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5 Tips for Making Your Home More Energy Efficient


5 Tips for Making Your Home More Energy Efficient


Owning a home is a great investment, but caring for it can also be quite expensive. One way you may be able to save some of your hard-earned money is by lowering your energy bills. Not only will making your home more energy efficient help you reduce the amount of electricity you’re paying for, but it may also come with tax incentives. Continue reading to discover five steps you can take to upgrade your home today!


One great way to reduce your energy consumption inside is to take advantage of your outdoor space. Planting trees or adding shrubs to your property can provide shade for your home and allow you to spend less on AC. According to the American Power Association, effective landscaping can cut your cooling costs by as much as 50 percent annually. Not to mention, an attractive yard adds re-sale value to your home. The Arbor Day Foundation offers a handy, online tool to help you determine the best spots in your yard to add trees. Not only can shade reduce your monthly energy bills, it can also help extend the life of your expensive HVAC system.


In the winter, it’s estimated that one-third of heat loss takes place through a home’s windows and doors. If your existing window system has broken parts or rotting wood, it’s likely time to upgrade to new energy efficient windows. If your existing windows aren’t in bad shape, however, consider opting for affordable 3M window film. On average, it pays back its cost in energy savings in 36 months. Plus, it has tons of other benefits as well. For example, it’s UV protection prevents your furnishings and flooring from fading in the sunlight.


Everyone enjoys a warm shower, but you may not realize how much you’re paying for the hot water in your home. Next time you’re in the market for a water heater, consider purchasing a high-efficiency model. Though they may be a bit pricier, they’re designed to save you money over their lifetime. Though storage tank water heaters are most common in homes today, consider opting for a tankless model next time you’re in the market. They tend to reduce energy consumption by only heating water while you’re using it rather than continually warming up a tank’s worth. As a bonus, you can’t run out of hot water with a tankless heater. Check out this helpful water heater shopping guide from Lowe’s.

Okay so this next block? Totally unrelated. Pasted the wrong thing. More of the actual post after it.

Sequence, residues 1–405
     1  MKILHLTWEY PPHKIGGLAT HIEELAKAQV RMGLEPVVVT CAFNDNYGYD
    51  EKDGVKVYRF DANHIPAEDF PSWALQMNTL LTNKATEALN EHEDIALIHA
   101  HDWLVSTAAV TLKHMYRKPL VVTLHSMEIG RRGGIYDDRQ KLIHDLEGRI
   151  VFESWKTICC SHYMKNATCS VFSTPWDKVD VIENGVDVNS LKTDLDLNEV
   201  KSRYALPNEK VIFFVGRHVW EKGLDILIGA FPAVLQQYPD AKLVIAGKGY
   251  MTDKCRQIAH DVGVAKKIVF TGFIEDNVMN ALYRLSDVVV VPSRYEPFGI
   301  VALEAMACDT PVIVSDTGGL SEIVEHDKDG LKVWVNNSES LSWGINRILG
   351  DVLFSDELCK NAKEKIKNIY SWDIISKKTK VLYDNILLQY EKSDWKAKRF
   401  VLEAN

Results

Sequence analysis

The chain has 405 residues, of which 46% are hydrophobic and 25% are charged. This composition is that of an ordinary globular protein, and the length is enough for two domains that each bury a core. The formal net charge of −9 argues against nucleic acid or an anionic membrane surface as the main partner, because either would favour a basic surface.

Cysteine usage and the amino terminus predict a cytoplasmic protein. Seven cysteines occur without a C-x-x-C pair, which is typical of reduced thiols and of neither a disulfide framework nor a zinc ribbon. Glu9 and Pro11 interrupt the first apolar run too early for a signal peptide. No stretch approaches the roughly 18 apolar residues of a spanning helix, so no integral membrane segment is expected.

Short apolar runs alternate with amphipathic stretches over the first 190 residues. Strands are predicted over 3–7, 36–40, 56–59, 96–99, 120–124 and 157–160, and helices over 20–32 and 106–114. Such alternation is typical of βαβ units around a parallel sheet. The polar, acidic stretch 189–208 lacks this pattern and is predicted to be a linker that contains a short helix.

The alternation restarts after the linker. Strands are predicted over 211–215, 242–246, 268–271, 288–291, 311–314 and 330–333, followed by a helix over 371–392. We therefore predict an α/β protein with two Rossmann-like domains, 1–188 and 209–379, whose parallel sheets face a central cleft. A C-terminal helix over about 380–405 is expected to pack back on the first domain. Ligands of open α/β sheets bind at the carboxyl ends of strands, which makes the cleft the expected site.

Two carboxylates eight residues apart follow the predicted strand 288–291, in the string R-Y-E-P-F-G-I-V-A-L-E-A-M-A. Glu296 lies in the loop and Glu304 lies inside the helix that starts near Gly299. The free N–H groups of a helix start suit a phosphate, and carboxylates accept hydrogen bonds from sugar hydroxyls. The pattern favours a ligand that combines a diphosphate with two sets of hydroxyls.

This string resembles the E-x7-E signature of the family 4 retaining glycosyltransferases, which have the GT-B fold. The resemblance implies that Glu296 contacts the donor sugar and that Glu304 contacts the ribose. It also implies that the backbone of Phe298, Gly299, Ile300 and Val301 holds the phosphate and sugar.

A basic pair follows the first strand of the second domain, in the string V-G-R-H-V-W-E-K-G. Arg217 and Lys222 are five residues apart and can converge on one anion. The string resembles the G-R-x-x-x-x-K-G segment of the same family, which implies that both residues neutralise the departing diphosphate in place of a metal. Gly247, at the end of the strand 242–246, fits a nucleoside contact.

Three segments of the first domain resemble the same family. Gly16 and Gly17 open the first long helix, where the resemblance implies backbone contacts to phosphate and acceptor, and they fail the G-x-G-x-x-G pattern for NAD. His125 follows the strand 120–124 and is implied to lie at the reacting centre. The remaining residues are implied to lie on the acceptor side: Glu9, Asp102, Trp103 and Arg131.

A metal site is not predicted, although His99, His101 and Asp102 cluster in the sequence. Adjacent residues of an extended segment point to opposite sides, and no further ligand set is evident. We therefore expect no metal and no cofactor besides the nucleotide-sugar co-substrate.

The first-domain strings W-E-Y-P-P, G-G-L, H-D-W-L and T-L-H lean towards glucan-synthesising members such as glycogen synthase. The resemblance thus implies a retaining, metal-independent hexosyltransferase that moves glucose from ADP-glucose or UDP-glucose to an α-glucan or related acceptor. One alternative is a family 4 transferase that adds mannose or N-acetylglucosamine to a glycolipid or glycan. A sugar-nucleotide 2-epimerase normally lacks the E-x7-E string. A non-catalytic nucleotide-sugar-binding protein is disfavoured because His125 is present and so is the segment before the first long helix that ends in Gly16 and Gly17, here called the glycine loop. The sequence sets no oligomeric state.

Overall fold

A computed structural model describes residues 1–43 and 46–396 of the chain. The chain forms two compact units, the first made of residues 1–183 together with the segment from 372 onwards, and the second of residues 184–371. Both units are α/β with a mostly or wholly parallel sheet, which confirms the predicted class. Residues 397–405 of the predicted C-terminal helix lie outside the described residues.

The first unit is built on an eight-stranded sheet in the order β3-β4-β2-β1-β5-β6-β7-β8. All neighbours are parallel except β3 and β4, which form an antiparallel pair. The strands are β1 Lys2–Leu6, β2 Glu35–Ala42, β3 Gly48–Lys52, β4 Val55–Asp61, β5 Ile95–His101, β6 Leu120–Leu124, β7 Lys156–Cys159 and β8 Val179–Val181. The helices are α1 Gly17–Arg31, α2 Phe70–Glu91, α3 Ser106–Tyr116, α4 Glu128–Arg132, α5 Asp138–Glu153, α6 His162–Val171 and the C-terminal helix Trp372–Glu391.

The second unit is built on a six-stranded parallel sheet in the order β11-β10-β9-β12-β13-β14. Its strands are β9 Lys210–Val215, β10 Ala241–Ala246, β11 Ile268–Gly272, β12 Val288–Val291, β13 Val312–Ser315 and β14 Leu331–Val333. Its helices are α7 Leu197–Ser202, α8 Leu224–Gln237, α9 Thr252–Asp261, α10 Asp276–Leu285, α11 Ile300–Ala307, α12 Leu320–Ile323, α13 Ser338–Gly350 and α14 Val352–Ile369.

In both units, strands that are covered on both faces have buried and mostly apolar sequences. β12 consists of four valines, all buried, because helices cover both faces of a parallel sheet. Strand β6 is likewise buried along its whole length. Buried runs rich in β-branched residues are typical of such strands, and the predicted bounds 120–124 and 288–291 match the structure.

Programmable thermostats allow you to optimize your home’s AC use without having to remember to manually adjust the temperature every time you leave the house. Most programmable thermostats allow you to set four different temperatures throughout the day: morning, daytime, evening and sleep. Many models also allow you to set different temperatures for different days of the week. Programmable thermostats are affordable, but remember that you’ll only see a return on your investment if you take the time to program your thermostat once it’s installed and if you make sure to update your temperature settings for each season. This is especially important in areas, where it can be very hot in the summer and very cold in the winter.


In homes with central AC, heated and cooled air is typically distributed around the house through ducts. According to Energy Star, however, in the average American home, about 25 percent of treated air is lost through leaks and holes in the ducts before it can reach living spaces. If some of your rooms just don’t seem to cool down, it’s likely your ducts are to blame. Depending on the results you’re looking for, you can try sealing your ducts yourself or bringing in a professional contractor to help. Energy Star offers a helpful FAQ sheet on sealing your ducts. It’s a great place to start your energy saving journey.

Category_Energy Savings

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